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Wednesday, 23 March 2011

Kwaidan part 2

The Monastery

1. The Tori Gate
Beyond the gate stands a leafy grove. Just inside it there is a small offering table upon which various votive candles burn. A pallet with a shrouded figure lies before the table surrounded by bowls with offerings of rice and fish. This is the corpse of an old man left there sometime during the day. If the party approach at night, they may see the Jikininki appear and devour the corpse and the offerings, but this will only occur when all the candles on the shrine have either burnt or blown out. As the players inspect the pallet they may hear a rustling in the undergrowth and then the sounds of someone or something making their way, rather clumsily, through the bushes. This will be Hoichi who, having picked up his meagre portion of food from the funeral party, is hurriedly making his way back to the ruined monastery before the Jikininki arrives for his dinner. Scattered around the grounds of the monastery where they are not obscured by the entangling undergrowth will be seen numerous go-rin-ishi (the five-circle funerary stone of Nippon).

2. Amidaji Temple
Deserted for a hundred years and in some disrepair, mosses grow upon the door posts, holes are visible in the once-elegant sloping roof, ivy hangs down from the eves. Across what once must have been an ornamental pond, the monk's quarters have all but collapsed into piles of mildewed boards.

Approaching the temple, a strong smell of incense pervades the air, and (if Hoichi has not been accidentally slain or is entertaining Lord Akiyama's ghost in the graveyard) the strains of an unearthly singing with accompaniment of the highest quality from the biwa will be heard. At night, no light will appear in the inner sanctuary where the music is coming from. Unseen things will scuttle away at their approach to hide behind statues and in crevices in the cracked floor stones. The players may be alarmed when Hoichi, presenting a spectral sight, rises up before them in the darkness; he is naked except for a loincloth, his body is covered with tattoos of the holy sutras as a ward against evil spirits, his unseeing eyes have a glazed and faintly luminous quality. Sonjo will recognise the holiness of the tattoos immediately, but he may be too late to prevent a nervous player from striking.

Hoichi, the blind and rather timid, biwa (Nipponese lute) player who lives in the ruined monastery, will tell of certain nights when a samurai comes to fetch him and takes him to play before a great lord. Hoichi is unaware that on these nights he is playing for the ghost of Akiyama, who finds in the beautiful music a momentary surcease from his torment. Hoichi remains in the monastery precincts at all other times and is safe from the Rokurokubi who dare not enter. He should be treated as an 'extra' (one hit kills him) with a Biwa BCS-Qf 19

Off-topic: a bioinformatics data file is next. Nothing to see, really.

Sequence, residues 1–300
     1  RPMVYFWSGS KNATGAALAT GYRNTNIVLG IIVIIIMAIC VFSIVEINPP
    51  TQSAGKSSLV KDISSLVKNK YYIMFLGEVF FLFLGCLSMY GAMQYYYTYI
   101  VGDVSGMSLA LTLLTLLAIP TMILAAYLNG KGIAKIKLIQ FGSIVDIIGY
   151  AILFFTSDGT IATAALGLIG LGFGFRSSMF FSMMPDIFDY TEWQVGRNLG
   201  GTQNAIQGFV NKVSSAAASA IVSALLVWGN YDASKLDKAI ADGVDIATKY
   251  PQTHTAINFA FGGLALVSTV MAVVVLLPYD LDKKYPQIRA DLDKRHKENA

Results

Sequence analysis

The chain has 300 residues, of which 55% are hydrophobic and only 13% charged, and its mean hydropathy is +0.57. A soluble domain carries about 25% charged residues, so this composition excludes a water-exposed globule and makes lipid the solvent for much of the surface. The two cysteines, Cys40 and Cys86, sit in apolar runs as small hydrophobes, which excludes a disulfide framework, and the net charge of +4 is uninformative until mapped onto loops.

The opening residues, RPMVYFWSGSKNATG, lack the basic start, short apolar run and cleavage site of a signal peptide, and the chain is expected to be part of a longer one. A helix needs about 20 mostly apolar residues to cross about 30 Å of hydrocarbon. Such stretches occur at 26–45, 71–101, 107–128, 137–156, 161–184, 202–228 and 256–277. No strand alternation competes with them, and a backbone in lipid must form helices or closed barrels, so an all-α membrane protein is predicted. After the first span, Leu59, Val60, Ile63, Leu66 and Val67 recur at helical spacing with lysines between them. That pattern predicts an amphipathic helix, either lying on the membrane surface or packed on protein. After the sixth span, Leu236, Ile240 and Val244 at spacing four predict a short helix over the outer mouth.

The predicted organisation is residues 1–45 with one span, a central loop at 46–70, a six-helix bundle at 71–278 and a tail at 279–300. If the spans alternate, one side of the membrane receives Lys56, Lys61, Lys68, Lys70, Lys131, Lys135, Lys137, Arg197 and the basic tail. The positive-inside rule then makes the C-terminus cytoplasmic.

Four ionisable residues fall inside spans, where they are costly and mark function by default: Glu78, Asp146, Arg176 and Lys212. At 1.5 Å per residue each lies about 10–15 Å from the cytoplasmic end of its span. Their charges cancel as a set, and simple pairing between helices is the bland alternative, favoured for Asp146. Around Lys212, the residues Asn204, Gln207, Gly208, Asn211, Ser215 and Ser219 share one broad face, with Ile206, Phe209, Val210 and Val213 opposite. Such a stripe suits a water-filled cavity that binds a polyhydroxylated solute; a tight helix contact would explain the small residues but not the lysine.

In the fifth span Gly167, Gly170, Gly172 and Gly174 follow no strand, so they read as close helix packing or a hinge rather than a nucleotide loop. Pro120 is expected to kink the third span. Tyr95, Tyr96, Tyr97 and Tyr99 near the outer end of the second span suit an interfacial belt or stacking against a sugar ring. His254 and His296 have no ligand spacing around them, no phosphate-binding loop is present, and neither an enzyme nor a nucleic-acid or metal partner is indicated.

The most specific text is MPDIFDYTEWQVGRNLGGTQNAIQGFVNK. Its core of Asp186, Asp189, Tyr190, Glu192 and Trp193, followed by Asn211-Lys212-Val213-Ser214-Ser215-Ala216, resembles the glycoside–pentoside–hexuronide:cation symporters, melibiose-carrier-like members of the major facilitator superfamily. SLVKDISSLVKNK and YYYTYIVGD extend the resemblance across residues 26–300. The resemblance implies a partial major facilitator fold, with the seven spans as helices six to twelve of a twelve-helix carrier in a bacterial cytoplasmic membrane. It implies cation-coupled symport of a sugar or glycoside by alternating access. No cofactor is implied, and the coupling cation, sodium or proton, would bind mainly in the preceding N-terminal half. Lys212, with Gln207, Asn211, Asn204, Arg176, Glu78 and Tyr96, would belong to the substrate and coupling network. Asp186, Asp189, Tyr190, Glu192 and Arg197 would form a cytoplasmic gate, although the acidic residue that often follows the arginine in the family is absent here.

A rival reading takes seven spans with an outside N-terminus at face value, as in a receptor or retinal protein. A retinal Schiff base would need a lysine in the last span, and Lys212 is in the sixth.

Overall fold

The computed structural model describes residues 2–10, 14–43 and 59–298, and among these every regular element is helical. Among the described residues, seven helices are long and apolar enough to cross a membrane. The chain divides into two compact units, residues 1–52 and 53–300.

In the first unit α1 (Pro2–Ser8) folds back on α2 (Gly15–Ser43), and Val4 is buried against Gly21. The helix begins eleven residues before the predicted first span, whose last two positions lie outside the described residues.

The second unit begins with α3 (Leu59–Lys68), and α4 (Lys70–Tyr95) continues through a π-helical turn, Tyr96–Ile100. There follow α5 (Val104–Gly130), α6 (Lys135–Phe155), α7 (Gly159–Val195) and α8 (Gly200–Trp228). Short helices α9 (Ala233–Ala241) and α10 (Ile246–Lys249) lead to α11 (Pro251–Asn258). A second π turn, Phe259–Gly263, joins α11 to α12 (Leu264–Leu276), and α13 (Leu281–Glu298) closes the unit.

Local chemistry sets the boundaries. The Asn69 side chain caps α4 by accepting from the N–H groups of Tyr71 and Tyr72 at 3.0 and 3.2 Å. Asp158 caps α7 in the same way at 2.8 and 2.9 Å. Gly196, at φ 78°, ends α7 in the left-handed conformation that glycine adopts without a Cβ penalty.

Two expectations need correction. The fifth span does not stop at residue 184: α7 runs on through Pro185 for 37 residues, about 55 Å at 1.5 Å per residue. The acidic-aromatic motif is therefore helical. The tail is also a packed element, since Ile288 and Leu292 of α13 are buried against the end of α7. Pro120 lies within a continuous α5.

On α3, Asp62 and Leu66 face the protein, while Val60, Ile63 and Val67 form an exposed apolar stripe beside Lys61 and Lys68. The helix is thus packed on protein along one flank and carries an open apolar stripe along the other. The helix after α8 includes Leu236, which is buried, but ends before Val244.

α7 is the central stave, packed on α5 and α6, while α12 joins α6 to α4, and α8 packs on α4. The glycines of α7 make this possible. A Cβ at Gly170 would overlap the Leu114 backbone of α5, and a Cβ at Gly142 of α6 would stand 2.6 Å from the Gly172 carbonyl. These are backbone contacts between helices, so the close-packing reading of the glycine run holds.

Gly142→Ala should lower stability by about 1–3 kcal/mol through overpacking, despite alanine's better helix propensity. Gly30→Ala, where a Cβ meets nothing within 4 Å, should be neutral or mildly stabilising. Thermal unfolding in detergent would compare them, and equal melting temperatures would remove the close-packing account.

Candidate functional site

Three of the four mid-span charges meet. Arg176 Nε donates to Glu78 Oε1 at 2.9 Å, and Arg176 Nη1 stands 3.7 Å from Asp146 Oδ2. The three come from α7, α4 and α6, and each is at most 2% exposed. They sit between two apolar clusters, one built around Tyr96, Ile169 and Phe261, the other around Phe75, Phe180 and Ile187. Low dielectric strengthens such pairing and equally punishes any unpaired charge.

3. The Island of the Kami
A small dilapidated shrine made of stone and wood stands on top of the pinnacle island. The shrine was once connected to the mainland by a rope bridge which hangs severed from the side of the island. The bridge appears to have been cut from the mainland side, where the cut-through ends of the supporting ropes can still be seen attached to stanchions. At night oni-bi (demon fires) can be seen to flit around the island, although they are not seen in the shrine. The good kami Ugetsu dwells in the shrine. The bridge was cut by the Rokuro-kubi who wished to dispel his benign magical influence from their stalking grounds. Ugetsu will reward anyone who repairs the bridge by Instruction. The only way to reach the island is to scale its vertical slopes from a boat; this will be fatal in nearly all cases (a sheer climb at -3 from Climbing capability) unless the player makes use of the rope bridge for the last fifty feet of the ascent. Despite its rotted appearance, the bridge is still magically imbued, and anyone making use of it will be protected by Ugetsu.

Ugetsu, the local kami, is a Jigami whose shrine is set on a pinnacle of rock which could be reached via a rope bridge from the cliffs. The Rokuro-kubi cut the bridge to prevent neighbouring villagers from making offerings to him.

Spirit Rank: 4
Hit Points: 20
Armour Class: 5
Zanshin: 2
Magic BCS: 8
BAP: 10
MNA: 2
BMA: 7
Powers: Instruct, Fertility (fields), Fertility (births), Control Phenomena within 1.2 Ri (about 5 miles) of shrine.
Spells: (four times a day each) dark circle, master of the green, confusing gaze, burning touch.
Skills: Tonfa-te 14, Nunchaku-te 14, Popular Dance 16, Fishing 16.

Ugetsu appears as an impressive man in silk robes of green dyed with subtle patterns of brown reminiscent of the paddy fields.

4: The Graveyard
Here there is a 20% chance of an encounter every two hours.
1. The ghost of Tadafune Akiyama (nights of the new moon only).
2. The Mujina (dusk or night only).